• Exactly, some studies talk about disturbance to increase water yield. This says replant to reduce peak flows, which might be natural given the natural disturbance. Another view might be that salvage and replanting is likely to unnaturally REDUCE streamflows in decades 2-7 after fire and replanting.

      • Of course, one could also say that cholera is “natural” but, that would never make it desirable.

        In places where re-burns are likely and potentially catastrophic, the reduction of dead and dying fuels is appropriate.

      • That’s why “natural” doesn’t make a very useful yardstick. For one thing, very few things are “natural” anymore (that is, hasn’t been influenced by humans).

        What these folks are saying is that “planting helped trees grow back and helped the soil recover so it didn’t wash away, (we can see those things) and water flows returned to where they used to be before the fire. Which seems like you could call it “recovery from disturbance” if you took the fire as a disturbance.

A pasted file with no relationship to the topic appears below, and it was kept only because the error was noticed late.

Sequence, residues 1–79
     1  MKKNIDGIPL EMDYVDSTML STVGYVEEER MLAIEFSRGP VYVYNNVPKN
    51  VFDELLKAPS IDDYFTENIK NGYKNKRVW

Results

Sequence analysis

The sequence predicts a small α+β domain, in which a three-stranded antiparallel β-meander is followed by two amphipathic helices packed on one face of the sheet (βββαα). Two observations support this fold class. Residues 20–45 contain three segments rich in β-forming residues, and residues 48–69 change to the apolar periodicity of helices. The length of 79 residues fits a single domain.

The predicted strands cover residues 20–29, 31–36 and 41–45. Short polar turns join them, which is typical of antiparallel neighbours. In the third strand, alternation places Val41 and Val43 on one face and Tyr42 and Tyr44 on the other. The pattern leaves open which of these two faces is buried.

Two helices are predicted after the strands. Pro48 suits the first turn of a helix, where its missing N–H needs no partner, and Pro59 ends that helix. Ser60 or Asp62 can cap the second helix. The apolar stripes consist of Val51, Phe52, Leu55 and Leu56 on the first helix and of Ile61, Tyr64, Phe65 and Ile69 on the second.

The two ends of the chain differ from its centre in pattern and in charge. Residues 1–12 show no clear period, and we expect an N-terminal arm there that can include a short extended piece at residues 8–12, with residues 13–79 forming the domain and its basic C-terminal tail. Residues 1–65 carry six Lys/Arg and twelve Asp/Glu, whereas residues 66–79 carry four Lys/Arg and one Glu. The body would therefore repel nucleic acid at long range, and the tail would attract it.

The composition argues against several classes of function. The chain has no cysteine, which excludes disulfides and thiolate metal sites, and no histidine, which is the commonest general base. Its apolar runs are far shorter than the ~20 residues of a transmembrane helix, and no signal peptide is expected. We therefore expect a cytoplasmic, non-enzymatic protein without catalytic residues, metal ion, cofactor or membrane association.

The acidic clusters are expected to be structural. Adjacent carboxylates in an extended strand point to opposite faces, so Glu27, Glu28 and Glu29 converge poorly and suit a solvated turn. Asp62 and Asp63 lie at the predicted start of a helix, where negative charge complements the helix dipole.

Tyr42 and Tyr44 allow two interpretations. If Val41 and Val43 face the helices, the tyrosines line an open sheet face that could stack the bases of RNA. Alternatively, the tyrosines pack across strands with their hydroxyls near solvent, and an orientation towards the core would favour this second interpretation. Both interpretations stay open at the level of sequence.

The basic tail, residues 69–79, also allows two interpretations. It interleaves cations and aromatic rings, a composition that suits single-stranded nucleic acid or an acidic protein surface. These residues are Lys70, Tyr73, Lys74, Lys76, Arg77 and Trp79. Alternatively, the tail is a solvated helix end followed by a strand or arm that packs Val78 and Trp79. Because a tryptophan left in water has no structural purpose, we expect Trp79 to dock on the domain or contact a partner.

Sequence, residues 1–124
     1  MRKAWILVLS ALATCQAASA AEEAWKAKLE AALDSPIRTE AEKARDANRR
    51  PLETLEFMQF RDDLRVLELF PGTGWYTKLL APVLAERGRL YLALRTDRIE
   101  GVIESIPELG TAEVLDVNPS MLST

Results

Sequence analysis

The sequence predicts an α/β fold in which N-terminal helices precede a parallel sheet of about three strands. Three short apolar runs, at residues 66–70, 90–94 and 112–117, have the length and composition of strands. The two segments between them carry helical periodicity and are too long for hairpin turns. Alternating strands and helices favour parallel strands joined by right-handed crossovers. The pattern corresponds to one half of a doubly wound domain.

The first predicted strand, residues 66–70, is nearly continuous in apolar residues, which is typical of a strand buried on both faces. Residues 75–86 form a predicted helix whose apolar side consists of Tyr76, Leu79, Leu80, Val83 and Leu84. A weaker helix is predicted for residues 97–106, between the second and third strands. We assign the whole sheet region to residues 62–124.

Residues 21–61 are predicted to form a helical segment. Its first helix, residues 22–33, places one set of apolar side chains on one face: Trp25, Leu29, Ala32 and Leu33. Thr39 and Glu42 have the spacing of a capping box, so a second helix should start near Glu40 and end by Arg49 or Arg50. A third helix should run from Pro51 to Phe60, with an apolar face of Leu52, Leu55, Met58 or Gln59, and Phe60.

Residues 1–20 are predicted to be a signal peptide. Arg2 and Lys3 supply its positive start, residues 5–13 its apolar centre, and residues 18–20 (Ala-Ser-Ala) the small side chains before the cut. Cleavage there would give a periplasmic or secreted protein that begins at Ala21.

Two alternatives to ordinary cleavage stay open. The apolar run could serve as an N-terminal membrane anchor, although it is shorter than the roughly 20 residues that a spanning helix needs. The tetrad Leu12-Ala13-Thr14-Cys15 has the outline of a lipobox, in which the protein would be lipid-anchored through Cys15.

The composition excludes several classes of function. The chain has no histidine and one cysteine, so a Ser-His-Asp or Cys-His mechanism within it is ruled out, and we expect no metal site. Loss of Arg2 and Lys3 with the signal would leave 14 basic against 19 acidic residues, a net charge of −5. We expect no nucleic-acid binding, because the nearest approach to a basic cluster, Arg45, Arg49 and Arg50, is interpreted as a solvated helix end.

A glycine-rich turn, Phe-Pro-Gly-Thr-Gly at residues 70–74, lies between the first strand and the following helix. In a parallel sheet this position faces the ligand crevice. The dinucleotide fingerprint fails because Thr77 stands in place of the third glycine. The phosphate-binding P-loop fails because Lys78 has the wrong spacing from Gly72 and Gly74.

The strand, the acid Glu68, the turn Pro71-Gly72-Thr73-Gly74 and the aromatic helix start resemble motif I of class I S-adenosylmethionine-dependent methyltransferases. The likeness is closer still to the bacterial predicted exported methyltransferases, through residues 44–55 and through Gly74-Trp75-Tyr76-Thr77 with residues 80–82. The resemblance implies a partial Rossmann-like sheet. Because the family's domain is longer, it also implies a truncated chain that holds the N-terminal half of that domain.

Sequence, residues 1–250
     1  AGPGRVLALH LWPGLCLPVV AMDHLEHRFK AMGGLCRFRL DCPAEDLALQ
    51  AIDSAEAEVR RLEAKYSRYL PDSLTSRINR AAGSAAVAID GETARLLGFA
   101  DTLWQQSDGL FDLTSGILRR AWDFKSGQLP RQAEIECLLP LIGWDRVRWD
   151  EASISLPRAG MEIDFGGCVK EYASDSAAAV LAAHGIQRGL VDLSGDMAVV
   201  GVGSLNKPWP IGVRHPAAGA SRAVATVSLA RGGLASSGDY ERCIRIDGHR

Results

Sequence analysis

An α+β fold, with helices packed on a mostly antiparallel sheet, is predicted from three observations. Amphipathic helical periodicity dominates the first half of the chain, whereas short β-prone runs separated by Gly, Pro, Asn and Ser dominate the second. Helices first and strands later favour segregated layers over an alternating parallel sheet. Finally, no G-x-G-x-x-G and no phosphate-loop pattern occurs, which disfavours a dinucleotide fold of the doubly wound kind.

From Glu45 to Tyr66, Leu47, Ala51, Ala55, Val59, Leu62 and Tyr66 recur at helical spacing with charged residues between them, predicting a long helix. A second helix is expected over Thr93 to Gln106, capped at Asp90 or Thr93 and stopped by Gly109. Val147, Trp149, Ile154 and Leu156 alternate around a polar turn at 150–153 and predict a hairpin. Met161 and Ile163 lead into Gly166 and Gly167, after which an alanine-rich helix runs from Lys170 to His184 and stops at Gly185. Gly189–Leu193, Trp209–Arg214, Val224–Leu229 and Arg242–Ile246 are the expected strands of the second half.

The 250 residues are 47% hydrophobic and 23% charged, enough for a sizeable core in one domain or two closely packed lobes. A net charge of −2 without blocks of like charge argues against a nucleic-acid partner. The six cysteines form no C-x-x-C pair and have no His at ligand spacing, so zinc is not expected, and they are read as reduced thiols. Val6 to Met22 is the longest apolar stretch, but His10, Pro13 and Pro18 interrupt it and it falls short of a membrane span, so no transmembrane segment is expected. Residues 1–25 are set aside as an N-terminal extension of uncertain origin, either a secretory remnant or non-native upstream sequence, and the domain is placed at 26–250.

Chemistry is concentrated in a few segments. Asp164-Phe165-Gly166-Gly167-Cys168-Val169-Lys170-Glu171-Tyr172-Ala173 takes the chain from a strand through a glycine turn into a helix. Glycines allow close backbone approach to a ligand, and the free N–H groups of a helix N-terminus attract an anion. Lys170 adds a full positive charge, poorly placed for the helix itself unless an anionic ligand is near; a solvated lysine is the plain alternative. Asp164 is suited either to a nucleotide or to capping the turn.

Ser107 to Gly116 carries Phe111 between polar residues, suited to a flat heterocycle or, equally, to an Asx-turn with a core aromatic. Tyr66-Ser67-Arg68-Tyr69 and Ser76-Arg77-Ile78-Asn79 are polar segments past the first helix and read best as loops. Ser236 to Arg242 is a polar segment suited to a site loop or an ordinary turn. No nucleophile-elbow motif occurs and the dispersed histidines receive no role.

Isn’t there some language about the “ability of ecosystems to recover from disturbance” somewhere in the planning reg?

        We don’t have to ascribe naturalness to any of this. If cutting trees is bad when people do it, because of loss of habitat, then getting more forest habitat must be good. If sedimentation is bad for streams when caused by roads, but good for streams when caused by fires.. well, it’s confusing.

        • In fact, sediment from roads is different from sediment from fires (sustained “press” disturbance vs natural short-term “pulse” disturbance). Getting more forest back quicker in a location may make sense if forests are lacking (below NRV) at a larger scale, but this was about local stream flow. Salvage logging does not mimic post-fire conditions, and reburns can be natural. I agree that safety concerns are going to outweigh ecological integrity in some places, which means that to achieve integrity at a larger ecosystem scale there should be compensation somewhere else.

          The definition of “ecological integrity” includes when an ecosystem “can withstand and recover from most perturbations imposed by natural environmental dynamics or human influence.” This implies can … recover “on its own.